Patient Reflections on Decision Making for Laryngeal Cancer Treatment

Andrew G. Shuman, Knoll Larkin, Dorothy Thomas, Frank L. Palmer, Joseph J. Fins, Shrujal S. Baxi, Nancy Lee, Jatin P. Shah, Angela Fagerlin, Snehal G. Patel

Research output: Contribution to journalArticlepeer-review

45 Scopus citations


Objective To describe the reflections of patients treated for laryngeal cancer with regard to treatment-related decision making. Study Design Cross-sectional survey-based pilot study. Setting Single-institution tertiary care cancer center. Subjects/Methods Adults with laryngeal carcinoma were eligible to participate (N = 57; 46% treated surgically, 54% nonsurgically). Validated surveys measuring decisional conflict and regret explored patients' reflections on their preferences and priorities regarding treatment-related decision making for laryngeal cancer and how patient-reported functional outcomes, professional referral patterns, and desired provider input influenced these reflections. Results When considering the level of involvement of surgeons, radiation oncologists, and medical oncologists in their care, patients were more likely to believe that the specialist whom they saw first was the most important factor in deciding how to treat their cancer (Fisher's exact, ∼‡2 = 16.2, df = 6, P =.02). Patients who were treated for laryngeal cancer who reported worse voice-related quality of life recalled more decisional conflict (P =.01) and experienced more decisional regret (P <.001). Of the patients for whom speech was a top priority prior to treatment, better voice-related quality of life overall scores were correlated with less decision regret about treatment decisions (P <.02). Of the patients for whom eating and drinking were top priorities prior to treatment, better MD Anderson Dysphagia Inventory global scores were correlated with less decision regret about treatment decisions (P <.002). Conclusion Patient priorities and attitudes, coupled with functional outcomes and professional referral patterns, influence how patients reflect on their choices regarding management of laryngeal cancer. Better understanding of these variables may assist in ensuring that patients' voices are integrated into individualized laryngeal cancer treatment planning.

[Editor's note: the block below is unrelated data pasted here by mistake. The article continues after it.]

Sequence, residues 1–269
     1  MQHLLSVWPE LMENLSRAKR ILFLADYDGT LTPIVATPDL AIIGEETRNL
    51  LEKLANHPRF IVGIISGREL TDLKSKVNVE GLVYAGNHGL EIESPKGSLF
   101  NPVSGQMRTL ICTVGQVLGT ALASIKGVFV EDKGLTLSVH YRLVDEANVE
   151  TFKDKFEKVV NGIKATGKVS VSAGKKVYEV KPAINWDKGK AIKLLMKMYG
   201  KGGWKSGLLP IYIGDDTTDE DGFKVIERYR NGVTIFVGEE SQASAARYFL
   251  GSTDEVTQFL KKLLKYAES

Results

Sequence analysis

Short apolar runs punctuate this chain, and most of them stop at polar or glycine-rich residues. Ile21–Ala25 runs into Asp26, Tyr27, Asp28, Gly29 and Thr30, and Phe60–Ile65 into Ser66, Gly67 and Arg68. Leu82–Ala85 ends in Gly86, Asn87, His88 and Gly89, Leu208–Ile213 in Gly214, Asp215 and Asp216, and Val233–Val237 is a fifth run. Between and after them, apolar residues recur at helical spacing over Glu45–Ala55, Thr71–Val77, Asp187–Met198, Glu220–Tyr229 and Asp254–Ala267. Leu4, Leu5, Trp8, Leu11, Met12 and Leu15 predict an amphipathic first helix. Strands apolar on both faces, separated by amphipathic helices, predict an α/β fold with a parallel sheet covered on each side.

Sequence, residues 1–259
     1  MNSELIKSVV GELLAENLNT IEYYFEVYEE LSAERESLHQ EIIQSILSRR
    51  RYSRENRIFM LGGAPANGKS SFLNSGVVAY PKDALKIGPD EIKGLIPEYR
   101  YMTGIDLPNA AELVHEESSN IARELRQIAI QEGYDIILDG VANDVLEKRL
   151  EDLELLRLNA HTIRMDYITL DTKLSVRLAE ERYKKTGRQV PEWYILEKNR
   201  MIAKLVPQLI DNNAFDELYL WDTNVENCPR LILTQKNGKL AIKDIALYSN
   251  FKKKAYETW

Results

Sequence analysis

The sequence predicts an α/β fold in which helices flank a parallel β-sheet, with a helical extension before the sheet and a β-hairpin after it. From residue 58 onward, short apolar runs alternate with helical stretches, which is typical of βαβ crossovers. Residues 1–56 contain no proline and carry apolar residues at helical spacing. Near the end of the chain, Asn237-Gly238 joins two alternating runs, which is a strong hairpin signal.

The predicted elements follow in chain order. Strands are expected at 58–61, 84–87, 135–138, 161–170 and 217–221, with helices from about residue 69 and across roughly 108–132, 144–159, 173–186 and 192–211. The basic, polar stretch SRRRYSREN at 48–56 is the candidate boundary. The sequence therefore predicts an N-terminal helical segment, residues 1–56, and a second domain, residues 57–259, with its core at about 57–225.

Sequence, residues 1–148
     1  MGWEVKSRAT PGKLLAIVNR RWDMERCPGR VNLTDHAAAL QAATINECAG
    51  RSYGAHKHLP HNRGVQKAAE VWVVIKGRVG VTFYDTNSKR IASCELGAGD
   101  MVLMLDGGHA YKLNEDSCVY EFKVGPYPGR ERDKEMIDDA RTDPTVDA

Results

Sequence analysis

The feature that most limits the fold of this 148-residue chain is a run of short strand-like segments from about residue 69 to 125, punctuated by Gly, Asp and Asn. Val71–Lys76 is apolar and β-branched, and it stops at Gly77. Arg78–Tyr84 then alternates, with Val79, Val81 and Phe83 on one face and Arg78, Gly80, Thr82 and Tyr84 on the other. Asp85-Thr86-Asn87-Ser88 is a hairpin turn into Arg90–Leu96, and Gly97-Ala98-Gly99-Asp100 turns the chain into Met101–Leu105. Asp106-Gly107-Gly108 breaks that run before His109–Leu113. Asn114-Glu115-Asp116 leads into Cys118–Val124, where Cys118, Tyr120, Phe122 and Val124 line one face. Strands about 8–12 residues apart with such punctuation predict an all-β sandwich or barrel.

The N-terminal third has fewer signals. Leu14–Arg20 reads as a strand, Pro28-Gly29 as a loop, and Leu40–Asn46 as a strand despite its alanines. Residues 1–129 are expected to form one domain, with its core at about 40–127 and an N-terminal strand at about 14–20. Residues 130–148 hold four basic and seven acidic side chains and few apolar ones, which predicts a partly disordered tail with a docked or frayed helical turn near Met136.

Original languageEnglish (US)
Pages (from-to)299-304
Number of pages6
JournalOtolaryngology - Head and Neck Surgery (United States)
Issue number2
StatePublished - Feb 1 2017


  • larynx cancer
  • patient-reported outcomes
  • quality of life
  • shared decision making

ASJC Scopus subject areas

  • Surgery
  • Otorhinolaryngology


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